Recitation by means of breath alone (ajapa-japa)
talk given at the Interfaith Ashram, Warburton, January 2015
Last week we spoke about the mantra. This week time Yogi and I would like to speak about ajapapa.
The term japa means the ‘recitation’. The term ‘ajapajapa’ simply means ‘reciting without reciting’. In other words, it is a process of recitation, which does not use a mantra.
An example of ajapajapa is the cycle of the breath. Just as the mantra begins from silence and ends in silence, and is then repeated, so too the cycle of breath starts from stillness leading to inhalation and then to exhalation. This is repeated naturally. There is a cycle in both cases, in the recitation of the mantra as in the act of breathing.
The advantage of ajapajapa, the natural process of breathing, is that it occurs naturally without effort. Indeed, it began on the day of birth with the first intake of breath and will continue till the moment of death with the last expiration of breath.
The reciter therefore focuses simply on the cycle of breathing. This act of becoming increasingly conscious of the breath gives the it deeper meaning, increasingly so. There is eventually a union of consciousness and breath, such that breath becomes fully conscious, fully appreciated, fully willed, fully known. Breath and consciousness become one.
The breathing, if it is to become complete, must be inspired. The word ‘inspire’ is taken from the Latin word ‘spiritus’, which means ‘breath’. The word ‘spiritus’ is also used to refer to the Holy Spirit of God. When a person performs ajapajapa with the breath perfectly, they are inspired ‘from above’.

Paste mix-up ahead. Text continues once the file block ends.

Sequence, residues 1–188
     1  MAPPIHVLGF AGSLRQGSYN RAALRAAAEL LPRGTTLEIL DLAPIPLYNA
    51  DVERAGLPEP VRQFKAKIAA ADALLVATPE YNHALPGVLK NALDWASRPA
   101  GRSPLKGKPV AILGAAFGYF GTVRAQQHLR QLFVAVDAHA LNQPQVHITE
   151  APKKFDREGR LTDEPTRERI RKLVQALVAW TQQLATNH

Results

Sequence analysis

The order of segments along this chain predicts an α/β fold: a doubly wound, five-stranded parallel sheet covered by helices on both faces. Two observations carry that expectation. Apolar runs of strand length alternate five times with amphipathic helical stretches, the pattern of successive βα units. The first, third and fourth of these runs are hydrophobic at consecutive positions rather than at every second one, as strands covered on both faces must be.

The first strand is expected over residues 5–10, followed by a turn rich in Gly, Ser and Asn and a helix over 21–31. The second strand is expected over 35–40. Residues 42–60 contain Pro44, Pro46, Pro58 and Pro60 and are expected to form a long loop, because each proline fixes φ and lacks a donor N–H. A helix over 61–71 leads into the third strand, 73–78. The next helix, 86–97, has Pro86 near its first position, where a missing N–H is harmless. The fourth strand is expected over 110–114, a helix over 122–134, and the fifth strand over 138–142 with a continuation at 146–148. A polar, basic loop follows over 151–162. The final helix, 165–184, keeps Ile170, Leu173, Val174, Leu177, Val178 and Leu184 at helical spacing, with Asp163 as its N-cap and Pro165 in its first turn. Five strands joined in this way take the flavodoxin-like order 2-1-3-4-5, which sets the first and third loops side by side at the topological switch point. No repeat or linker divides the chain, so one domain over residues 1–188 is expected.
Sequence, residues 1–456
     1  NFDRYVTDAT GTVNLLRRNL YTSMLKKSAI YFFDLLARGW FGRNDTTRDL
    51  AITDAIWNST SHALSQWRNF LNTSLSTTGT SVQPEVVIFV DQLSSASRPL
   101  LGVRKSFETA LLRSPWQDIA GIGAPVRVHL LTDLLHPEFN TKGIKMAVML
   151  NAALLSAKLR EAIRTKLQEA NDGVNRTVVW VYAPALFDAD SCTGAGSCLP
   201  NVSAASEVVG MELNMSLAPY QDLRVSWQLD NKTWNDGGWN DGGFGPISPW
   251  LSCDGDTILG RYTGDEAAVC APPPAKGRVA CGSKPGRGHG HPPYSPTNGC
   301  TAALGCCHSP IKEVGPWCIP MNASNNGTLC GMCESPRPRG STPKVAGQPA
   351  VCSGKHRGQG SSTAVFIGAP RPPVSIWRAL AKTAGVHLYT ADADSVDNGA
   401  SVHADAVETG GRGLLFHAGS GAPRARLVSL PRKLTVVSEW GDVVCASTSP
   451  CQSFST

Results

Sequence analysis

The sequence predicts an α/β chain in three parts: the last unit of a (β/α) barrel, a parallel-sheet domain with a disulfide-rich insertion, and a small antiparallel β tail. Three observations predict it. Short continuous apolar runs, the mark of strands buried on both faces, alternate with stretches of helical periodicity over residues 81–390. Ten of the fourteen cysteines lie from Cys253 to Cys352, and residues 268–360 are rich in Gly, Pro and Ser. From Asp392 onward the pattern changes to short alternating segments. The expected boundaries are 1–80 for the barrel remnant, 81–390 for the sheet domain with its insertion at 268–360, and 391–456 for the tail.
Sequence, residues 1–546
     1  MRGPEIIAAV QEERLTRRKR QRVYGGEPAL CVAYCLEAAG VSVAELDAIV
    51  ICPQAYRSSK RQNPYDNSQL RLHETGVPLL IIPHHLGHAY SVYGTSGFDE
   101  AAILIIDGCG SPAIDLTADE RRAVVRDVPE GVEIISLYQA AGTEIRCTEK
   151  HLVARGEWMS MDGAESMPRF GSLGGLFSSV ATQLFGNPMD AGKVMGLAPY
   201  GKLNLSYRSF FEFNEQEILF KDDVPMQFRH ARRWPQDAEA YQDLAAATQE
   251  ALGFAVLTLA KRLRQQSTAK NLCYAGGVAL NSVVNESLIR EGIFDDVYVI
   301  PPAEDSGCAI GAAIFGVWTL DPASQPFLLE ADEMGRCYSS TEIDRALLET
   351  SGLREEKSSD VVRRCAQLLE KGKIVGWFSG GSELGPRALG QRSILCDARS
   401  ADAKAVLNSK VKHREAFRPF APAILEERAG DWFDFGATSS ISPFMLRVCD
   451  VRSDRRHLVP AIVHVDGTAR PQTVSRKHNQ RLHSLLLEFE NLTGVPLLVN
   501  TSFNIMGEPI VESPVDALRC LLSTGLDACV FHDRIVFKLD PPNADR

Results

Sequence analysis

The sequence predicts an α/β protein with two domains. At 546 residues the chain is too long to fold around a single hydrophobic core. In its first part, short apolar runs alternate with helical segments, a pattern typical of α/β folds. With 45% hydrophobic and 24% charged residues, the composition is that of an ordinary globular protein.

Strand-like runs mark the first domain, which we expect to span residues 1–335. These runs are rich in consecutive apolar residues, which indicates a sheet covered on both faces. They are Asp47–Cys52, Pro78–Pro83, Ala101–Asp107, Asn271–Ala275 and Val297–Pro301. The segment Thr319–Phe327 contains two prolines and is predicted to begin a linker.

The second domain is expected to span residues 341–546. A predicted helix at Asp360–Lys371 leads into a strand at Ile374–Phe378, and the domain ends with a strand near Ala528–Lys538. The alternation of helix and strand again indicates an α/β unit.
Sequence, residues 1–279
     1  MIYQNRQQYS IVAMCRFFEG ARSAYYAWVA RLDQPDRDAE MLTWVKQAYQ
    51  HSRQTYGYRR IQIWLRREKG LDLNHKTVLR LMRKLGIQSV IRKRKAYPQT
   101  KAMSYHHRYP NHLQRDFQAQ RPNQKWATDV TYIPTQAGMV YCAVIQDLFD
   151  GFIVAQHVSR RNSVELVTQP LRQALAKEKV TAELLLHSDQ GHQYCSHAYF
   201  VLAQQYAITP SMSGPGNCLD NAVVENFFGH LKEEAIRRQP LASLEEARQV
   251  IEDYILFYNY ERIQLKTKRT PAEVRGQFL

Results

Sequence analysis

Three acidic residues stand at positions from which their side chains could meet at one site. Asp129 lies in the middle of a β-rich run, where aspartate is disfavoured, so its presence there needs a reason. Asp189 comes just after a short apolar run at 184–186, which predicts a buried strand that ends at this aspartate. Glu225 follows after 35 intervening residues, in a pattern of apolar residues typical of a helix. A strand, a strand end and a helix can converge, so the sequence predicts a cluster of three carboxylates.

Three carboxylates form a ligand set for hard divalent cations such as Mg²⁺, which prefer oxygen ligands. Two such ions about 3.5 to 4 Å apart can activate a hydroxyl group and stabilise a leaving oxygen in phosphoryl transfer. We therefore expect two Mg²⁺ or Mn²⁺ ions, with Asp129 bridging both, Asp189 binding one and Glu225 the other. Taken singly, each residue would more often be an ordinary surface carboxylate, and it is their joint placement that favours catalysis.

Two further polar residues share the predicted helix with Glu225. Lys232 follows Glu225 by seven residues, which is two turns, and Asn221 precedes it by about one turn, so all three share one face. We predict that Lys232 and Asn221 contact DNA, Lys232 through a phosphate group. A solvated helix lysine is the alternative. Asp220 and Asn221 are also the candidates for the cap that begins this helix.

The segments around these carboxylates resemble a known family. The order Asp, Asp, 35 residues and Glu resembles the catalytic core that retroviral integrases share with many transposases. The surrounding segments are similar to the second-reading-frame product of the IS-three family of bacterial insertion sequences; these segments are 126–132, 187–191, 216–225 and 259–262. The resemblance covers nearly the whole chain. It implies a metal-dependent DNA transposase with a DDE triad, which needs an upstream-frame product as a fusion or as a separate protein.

It is the moment of great purity, the Sanskrit term is nirañjanam, when will, knowledge and act become perfectly fused. It is a moment of healing, when we want to breathe, we know we are breathing, we want to breathe, we know what we want, we know what we are doing. The disjunction of our faculties ceases, and we become one
The advantage of focussing on the breath is that it occurs without effort. By contrast, with mantra recitation there is a certain need to exercise the will, though, of course, the reciter of the mantra will eventually reach that stage where there is no effort in reciting of the mantra; when mantra and reciter (mantrī) become one. When that happens, who is reciting: is it the mantra who inspires the reciter to recite or the reciter who gives rise to the mantra?
Each person who performs ajapajapa with the breath does so differently for we all have a different gift of grace; we have different perceptions and characters. Thus the breathing of one is not the same as the breathing of the other, although all are inspired from above.
Thus as we gather together and focus on the breath, we become profoundly united. The mantra of one person may not be the mantra of another, just as their deities and rituals may differ. The act of breathing, while it is also diverse, unites more simply.